Passing Thoughts

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Thomas Constable, 1855 - 447 strani
 

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Stran 413 - To know Both spiritual power and civil, what each means, What severs each, thou hast learned, which few have done ; The bounds of either sword to thee we owe ; Therefore on thy firm hand Religion leans In peace, and reckons thee her eldest son.
Stran 379 - I tremble for my country when I remember that God is just ; that His justice cannot sleep for ever ; that considering numbers, nature and natural means only, a revolution of the wheel of fortune, an exchange of situation, is among possible events ; that it may become probable by supernatural interference.
Stran 409 - exempted from her power ; both angels, and men, and creatures of what condition soever, though each in different sort and manner, yet all with uniform consent, admiring her as the mother of their peace and joy.
Stran 379 - There must, doubtless, be an unhappy influence on the manners of our people produced by the existence of slavery among us. The whole commerce between master and slave is a perpetual exercise of the most boisterous passions; the most unremitting despotism on the one part, and degrading submission on the other. Our children see this, and learn to imitate it; for man is an imitative animal.
Stran 191 - And poets worthy their inspiring god; And searching wits, of more mechanic parts, Who graced their age with new invented arts; Those who, to worth, their bounty did extend. And those who knew that bounty to commend. The heads of these with holy fillets bound, And all their temples were with garlands crown'd.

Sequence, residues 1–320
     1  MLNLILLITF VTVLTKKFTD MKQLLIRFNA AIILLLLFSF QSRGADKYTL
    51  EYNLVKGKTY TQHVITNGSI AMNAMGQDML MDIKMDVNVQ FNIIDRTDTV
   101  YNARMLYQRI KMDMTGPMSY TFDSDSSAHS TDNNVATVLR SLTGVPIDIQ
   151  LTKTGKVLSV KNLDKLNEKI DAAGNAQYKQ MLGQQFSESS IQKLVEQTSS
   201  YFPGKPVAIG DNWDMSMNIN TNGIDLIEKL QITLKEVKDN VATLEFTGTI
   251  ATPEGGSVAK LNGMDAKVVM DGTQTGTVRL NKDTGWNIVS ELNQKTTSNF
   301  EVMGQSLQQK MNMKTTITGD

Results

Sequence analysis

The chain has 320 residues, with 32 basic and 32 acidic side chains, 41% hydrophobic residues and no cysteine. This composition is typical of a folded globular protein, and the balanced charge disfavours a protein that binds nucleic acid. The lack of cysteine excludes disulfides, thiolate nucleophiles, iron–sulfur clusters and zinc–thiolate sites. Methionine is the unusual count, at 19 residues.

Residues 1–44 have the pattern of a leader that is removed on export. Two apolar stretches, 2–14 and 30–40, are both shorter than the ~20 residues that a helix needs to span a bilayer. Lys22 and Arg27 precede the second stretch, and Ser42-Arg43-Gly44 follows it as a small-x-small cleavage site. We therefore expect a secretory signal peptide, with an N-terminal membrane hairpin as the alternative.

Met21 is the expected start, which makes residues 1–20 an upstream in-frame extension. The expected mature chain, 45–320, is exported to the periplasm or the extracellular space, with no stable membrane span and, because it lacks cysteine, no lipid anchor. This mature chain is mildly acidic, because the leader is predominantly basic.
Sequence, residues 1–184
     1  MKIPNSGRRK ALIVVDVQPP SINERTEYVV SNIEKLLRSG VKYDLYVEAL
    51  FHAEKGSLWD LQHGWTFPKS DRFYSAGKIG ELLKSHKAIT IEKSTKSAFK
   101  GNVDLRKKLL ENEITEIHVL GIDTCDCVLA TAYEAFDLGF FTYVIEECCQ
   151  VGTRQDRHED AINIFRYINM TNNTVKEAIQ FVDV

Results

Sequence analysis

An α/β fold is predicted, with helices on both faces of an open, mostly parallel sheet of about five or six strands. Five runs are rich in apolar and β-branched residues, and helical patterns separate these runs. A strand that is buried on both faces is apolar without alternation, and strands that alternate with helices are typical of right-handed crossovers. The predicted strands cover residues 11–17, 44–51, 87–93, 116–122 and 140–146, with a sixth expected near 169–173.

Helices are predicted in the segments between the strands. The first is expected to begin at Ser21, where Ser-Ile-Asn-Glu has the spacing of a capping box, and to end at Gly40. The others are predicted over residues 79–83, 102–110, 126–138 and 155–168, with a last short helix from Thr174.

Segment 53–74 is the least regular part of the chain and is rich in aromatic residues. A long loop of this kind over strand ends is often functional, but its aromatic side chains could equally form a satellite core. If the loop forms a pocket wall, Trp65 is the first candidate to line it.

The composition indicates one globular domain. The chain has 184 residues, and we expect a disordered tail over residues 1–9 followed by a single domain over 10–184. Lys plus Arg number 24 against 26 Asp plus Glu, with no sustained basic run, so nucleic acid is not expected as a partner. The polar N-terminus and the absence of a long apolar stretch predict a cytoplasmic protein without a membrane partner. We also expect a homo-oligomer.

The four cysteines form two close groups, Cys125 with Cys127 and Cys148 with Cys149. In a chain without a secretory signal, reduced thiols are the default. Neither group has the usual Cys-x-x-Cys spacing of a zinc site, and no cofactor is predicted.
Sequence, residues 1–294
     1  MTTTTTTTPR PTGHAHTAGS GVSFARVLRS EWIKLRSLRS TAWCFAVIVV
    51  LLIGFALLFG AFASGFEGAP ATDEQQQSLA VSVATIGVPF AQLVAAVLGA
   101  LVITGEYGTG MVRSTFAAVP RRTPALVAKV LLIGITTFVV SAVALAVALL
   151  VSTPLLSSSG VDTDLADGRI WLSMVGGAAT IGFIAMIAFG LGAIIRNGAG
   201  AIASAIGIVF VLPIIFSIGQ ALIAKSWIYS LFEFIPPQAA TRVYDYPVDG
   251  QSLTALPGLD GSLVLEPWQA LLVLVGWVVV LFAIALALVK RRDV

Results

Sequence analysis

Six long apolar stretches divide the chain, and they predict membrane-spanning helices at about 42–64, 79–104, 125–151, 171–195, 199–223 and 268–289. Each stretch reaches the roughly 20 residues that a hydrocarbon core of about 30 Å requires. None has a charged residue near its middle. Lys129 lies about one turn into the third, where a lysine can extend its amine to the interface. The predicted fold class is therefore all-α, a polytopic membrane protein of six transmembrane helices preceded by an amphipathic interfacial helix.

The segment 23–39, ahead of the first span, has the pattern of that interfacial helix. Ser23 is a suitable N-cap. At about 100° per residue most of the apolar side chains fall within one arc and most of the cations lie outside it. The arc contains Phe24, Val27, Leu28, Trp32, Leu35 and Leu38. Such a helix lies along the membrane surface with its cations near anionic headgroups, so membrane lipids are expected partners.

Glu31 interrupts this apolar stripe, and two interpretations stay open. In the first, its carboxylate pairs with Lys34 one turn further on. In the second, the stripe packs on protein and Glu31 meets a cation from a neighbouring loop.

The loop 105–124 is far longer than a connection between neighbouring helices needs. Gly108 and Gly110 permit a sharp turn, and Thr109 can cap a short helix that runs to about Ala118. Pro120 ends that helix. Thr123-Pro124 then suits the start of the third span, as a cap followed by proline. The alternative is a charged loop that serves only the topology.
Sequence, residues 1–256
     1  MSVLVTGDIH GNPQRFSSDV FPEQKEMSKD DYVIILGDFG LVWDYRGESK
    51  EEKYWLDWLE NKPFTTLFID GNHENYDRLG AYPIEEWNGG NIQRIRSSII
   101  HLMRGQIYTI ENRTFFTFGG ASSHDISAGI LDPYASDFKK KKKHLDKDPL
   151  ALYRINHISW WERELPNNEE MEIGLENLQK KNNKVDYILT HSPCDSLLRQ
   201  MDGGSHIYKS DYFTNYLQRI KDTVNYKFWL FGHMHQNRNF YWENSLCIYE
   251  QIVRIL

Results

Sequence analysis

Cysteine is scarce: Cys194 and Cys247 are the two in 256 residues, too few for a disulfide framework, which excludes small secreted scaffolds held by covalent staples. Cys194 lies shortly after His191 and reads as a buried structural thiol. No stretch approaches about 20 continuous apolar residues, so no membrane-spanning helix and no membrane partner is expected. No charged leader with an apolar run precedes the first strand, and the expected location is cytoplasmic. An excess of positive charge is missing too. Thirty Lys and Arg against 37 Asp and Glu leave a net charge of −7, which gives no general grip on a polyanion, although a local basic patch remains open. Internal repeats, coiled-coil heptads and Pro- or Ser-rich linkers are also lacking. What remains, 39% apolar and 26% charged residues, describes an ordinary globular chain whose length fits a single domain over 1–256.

Stran 379 - that considering numbers, nature and natural means only, a revolution of the wheel of fortune, an exchange of situation, is among possible events ; that it may become probable by supernatural interference.
Stran 416 - is a thing absolutely separate and distinct from the Commonwealth. The boundaries on both sides are fixed and immovable. He jumbles heaven and earth together, the things most remote and opposite, who mixes these societies, which are, in their original, end, business, and in everything, perfectly distinct, and infinitely
Stran 190 - Hie manus, ob patriam pugnando vulnera passi, Quique sacerdotes casti, dum vita manebat: Quique pii vates, et Phcebo digna locuti; Inventas aut qui vitam excoluere per artes, Quique sui memores alios fecere merendo; Omnibus his
Stran 79 - And the voice of harpers and musicians and of pipers, and trumpeters, shall be heard no more at all in thee ; and no
Stran 370 - of it, and, last of all, in the leading of its armies ; which (though there be great divines, great lawyers, great men in all professions) seems to be peculiar only to the genius of a gentleman.

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